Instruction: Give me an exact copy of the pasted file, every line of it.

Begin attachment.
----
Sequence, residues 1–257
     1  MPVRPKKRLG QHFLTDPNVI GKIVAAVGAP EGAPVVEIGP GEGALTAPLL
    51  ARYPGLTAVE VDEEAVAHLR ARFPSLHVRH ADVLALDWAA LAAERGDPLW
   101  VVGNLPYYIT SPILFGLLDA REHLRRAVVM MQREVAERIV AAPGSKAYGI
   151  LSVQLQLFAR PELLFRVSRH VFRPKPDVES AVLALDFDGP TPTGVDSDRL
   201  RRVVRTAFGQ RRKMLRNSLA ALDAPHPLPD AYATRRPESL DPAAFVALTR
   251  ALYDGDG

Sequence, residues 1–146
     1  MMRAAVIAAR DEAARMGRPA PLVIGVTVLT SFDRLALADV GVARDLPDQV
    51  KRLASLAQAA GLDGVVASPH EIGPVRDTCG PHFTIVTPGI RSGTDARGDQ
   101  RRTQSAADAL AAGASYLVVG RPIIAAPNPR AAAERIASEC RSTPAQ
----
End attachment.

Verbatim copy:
Sequence, residues 1–257
     1  MPVRPKKRLG QHFLTDPNVI GKIVAAVGAP EGAPVVEIGP GEGALTAPLL
    51  ARYPGLTAVE VDEEAVAHLR ARFPSLHVRH ADVLALDWAA LAAERGDPLW
   101  VVGNLPYYIT SPILFGLLDA REHLRRAVVM MQREVAERIV AAPGSKAYGI
   151  LSVQLQLFAR PELLFRVSRH VFRPKPDVES AVLALDFDGP TPTGVDSDRL
   201  RRVVRTAFGQ RRKMLRNSLA ALDAPHPLPD AYATRRPESL DPAAFVALTR
   251  ALYDGDG

Sequence, residues 1–146
     1  MMRAAVIAAR DEAARMGRPA PLVIGVTVLT SFDRLALADV GVARDLPDQV
    51  KRLASLAQAA GLDGVVASPH EIGPVRDTCG PHFTIVTPGI RSGTDARGDQ
   101  RRTQSAADAL AAGASYLVVG RPIIAAPNPR AAAERIASEC RSTPAQ